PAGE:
This working-class twist on the election immediately led to one left-leaning pundit’s stock going through the roof: Thomas Frank, who had diagnosed the malady earlier in 2004 in his book, What’s the Matter with Kansas? The book ponders the rise of a solid Republican majority in Kansas, which was once the incubator of American populism. After election day, Frank’s book became required reading for endangered and desperate American liberals. However, while Frank’s detailed case study grounded the book’s insights in a fascinating microcosm, it is worth remembering that Kansas itself is far from the most pressing political battlefield in the country. Kansas is part of the solidly Republican heartland, and it will likely remain so for the foreseeable future. However important rebuilding the left in the heartland may be in the long term, neither that state nor its neighbors will soon be a decisive electoral battleground. Rather, as polls regularly show, the region holding back the floodtide of indefinite Republican supremacy is the northern Midwest, Great Lakes region—otherwise known as the rust belt. And the dike is about to burst.

By any pundit’s math, the grim truth of the 2004 election was that Bush was threatening Kerry in many more “blue” states than was true for Kerry threats in the “red” states. The states in the entire northern Midwest rust belt—Minnesota, Wisconsin, Iowa, Michigan, and Ohio, a list that sounds like a roll call of states that benefited most from Franklin D. Roosevelt’s New Deal—all stood within a percentage point of being swept by Republicans, continuing a trend of becoming inexorably red. Meanwhile, the poorest state of the rust belt, and long the most militantly Democratic, West Virginia, has gone entirely over to the dark side, with Bush winning by a shattering 13 percent. If Republicans begin to win decisive West Virginia–style majorities in the rest of the Great Lakes region, they can become a permanent ruling party—able finally to legislate away what remains of the public sector, unions, reproductive freedom, and minority rights. The pressing question to be asked, from a tactical last-stand standpoint, is this: What’s the matter with the rust belt?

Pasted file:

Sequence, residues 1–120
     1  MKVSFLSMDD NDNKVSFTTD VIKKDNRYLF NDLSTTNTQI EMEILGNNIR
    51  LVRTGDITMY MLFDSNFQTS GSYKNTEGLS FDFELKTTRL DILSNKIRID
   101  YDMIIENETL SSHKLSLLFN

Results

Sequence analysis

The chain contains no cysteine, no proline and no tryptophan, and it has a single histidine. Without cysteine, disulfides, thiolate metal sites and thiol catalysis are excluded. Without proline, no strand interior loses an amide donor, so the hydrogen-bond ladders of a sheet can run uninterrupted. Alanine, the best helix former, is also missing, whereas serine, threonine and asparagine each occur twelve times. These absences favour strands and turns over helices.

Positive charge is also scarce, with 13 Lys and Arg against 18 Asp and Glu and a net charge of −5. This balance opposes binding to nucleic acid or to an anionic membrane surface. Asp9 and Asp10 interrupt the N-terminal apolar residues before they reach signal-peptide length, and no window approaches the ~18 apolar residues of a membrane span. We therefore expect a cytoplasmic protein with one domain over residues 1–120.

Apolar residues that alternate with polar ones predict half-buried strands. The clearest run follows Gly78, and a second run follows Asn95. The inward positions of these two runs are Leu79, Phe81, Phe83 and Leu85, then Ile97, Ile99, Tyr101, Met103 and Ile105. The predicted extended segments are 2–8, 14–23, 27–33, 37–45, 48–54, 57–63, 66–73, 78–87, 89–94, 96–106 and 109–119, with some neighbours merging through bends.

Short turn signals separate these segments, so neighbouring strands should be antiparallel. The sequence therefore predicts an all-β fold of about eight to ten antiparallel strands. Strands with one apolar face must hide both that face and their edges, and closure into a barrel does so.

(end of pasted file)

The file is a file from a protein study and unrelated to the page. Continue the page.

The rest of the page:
To take Ohio, specifically—well, what isn’t the matter with Ohio, these days? Throughout Bush’s first term, the state constantly vied with Michigan for the dubious honor of most jobs lost. The hundreds of thousands of manufacturing jobs lost since 2000 were largely high-wage, stable, union jobs, which served as employment multipliers in the larger local economy. For every plate glass factory or tractor plant that shuts its gates, a locally owned grocery or barbershop goes out of business too. Though poverty has been endemic to Ohio since the great steel shutdowns began in the late 1970s, on Bush’s watch Cleveland officially became the poorest city in America (with Toledo several spots behind). And with General Motors on the brink of bankruptcy, the state may be on the verge of another great crash in industrial employment. Anonymous blue-collar towns like Canton, Springfield, and Akron continued to bleed jobs and people, while former steel capital Youngstown has lost more than half of its 1950 population. Local teens there, savvier about American political economy than most credentialed cultural critics, call their town “Yompton”—in reference to the urban devastation of Compton, California as famously depicted in NWA’s hip-hop album, Straight Outta Compton. The comparison is telling—as the state continues to deindustrialize, African-Americans bear the brunt, stranded as an underclass in every dying urban core. Indeed, in the past decade Ohio has exhibited symptoms of a genuine 1960s-style racial crisis, with the second-longest prison uprising in America (at Southern Ohio Correctional Facility in Lucasville, 1993), the execution of a black inmate widely believed to be innocent (John William Byrd Jr., in 2002, also in Lucasville), and a major race rebellion sparked by police brutality (in Cincinnati, 2001).